Standing our ground
Sir, - Thanks to French Foreign Minister Bernard Kouchner, a very important fact has been confirmed. When Israel sticks to the basic tenets of a truly independent state, it may face the world's resentment, but also receives its respect. Kouchner's attempt to pressure Israel into halting construction and natural growth for Gilo residents was flat-out rejected by this government. The front page headline "Kouchner: Gilo regrettable, but won't stop the diplomatic process" (November 19) is a testament to that. Israel needs to get back to the old days when it did whatever it took to protect its citizens, such as bombing the Iraqi nuclear reactor and going into hostile territory to save Israeli hostages brought to Uganda. The citizens of Israel deserve a strong, assertive government looking out for their interests.
Gilo's identity crisis?
Sir, - It is mind-boggling but not unexpected that the current brouhaha over Gilo ("Gilo residents angered by US criticism of building plans," November 19) seems to be based on the US State Department's ignorance of the difference between Har Gilo and Gilo. The former, the hilltop adjacent to Gilo, was the site of a Jordanian Arab Legion artillery position that shelled civilian Jerusalem repeatedly over the years and was captured by the IDF during the Six Day War. As it lies over the Green Line, this disputed territory captured in a war of self-defense is indeed not an appropriate venue for building 900 Israeli apartments.
However, the land upon which Jerusalem's southernmost neighborhood of Gilo was built was purchased from its Arab owners by Dov Joseph on behalf of the Jewish National Fund before 1948. Gilo was once indeed occupied territory: It was Jordanian-occupied Israeli territory from 1948 to 1967, after which its Israeli sovereignty was restored.
It is as egregious an error for the Obama administration - or any other member of the politically correct, but factually wrong, international chorus - to object to construction in a neighborhood that has always been part of Israel's capital as it would be to object to similar construction in Tel Aviv.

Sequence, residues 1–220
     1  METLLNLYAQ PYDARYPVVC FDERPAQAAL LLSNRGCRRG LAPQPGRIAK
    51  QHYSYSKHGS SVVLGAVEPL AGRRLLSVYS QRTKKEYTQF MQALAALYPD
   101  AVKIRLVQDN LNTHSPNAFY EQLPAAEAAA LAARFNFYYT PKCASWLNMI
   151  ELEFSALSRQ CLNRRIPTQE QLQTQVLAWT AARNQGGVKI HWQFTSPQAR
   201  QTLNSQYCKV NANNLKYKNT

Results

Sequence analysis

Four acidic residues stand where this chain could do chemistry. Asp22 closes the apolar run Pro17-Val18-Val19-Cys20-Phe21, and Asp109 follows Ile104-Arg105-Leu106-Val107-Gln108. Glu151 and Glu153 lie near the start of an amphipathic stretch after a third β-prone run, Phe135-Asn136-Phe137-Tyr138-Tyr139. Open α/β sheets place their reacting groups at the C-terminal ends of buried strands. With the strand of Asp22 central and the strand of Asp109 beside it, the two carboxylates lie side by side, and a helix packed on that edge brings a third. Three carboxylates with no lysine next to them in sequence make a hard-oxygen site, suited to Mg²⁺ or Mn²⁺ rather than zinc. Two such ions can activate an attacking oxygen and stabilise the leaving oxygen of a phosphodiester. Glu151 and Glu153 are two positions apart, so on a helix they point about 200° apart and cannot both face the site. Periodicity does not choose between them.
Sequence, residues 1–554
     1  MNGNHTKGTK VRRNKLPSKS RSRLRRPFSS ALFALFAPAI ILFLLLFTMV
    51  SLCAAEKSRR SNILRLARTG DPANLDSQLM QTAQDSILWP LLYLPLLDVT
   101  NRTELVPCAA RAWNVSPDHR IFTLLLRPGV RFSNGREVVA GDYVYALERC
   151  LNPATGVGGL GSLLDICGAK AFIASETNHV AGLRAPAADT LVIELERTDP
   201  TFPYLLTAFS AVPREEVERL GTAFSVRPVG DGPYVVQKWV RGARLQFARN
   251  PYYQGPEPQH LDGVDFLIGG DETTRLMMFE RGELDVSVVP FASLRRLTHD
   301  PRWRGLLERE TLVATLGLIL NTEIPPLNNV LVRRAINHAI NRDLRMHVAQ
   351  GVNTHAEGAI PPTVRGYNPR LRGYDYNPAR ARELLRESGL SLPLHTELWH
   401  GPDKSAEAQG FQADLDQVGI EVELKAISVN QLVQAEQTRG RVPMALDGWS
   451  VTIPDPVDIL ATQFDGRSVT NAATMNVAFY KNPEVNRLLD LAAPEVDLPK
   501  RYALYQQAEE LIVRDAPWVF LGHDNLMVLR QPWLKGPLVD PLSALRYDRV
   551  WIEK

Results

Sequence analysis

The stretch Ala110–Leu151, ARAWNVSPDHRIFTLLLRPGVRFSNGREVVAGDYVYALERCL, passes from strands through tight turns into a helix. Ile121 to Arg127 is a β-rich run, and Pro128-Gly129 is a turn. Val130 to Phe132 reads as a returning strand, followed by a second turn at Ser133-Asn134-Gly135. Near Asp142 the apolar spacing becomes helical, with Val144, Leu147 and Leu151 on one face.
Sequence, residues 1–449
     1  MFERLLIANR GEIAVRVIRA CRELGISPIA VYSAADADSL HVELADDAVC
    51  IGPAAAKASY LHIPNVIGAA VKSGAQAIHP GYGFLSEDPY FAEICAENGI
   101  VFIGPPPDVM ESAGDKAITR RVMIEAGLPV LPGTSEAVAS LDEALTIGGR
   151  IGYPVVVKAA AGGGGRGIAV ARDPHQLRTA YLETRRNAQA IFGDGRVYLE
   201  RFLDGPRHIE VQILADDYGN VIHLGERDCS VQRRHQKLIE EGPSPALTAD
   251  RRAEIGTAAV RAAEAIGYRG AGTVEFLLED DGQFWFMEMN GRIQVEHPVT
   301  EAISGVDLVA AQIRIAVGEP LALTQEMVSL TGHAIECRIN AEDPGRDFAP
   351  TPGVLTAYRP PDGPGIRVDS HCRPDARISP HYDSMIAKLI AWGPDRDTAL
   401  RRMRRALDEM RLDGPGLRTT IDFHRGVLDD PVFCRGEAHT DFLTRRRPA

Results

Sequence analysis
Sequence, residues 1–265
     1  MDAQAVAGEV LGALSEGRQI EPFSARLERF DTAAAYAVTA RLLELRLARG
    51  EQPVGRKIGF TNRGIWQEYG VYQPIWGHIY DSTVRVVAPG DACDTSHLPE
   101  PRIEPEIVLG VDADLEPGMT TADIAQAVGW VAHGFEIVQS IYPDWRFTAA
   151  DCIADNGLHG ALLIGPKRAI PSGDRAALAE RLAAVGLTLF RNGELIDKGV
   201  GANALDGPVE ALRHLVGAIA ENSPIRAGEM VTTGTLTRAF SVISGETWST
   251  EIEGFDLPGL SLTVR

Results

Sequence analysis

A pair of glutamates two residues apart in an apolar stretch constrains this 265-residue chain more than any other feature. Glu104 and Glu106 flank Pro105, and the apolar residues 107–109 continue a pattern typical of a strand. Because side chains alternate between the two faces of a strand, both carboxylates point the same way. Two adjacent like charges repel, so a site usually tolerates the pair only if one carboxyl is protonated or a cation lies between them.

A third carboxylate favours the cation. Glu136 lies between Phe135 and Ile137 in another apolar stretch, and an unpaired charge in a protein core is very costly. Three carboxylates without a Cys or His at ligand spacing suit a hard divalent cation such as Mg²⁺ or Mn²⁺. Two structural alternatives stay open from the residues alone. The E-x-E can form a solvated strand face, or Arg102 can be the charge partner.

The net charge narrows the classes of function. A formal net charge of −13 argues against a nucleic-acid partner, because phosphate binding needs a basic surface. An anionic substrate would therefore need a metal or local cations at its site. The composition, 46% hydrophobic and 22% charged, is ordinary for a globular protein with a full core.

What is perhaps even more mind-boggling, but lamentably also not unexpected, is the ongoing failure of our Foreign Ministry, or at the very least the JNF, to make this abundantly clear.
Sir, - Larry Derfner is dead-on when he writes that "Ehud Olmert offered [the Palestinians] 100%, including a large part of East Jerusalem" ("Go for it, Abbas!" November 19). So why didn't they accept everything offered them on a silver platter? Could it be that Abbas isn't really interested in what he asks for because that's not really what he wants? And he's absolutely correct when he writes that "most Israelis are incensed at the Palestinians' behavior" - probably because most Israelis are aware that Abbas is jockeying for all of Israel and all of Jerusalem.
Go get 'em, Derfner!
...100% wasn't enough
Sir, - Larry Derfner has reached a new low in his relentless campaign for the Palestinians. After castigating Israel for its refusal to make peace, Derfner offers as evidence the fact that Prime Minister Binyamin Netanyahu has taken off the table Ehud Barak's offer of 95% of the West Bank and Ehud Olmert's offer of 100%.
Excuse me? Arafat and then Abbas rejected both proposals without making an alternative offer. Does Derfner believe Israel should offer more than 100%? How about Haifa? Or Tel Aviv? It is sad that intelligence gives way so easily to preconceived notions.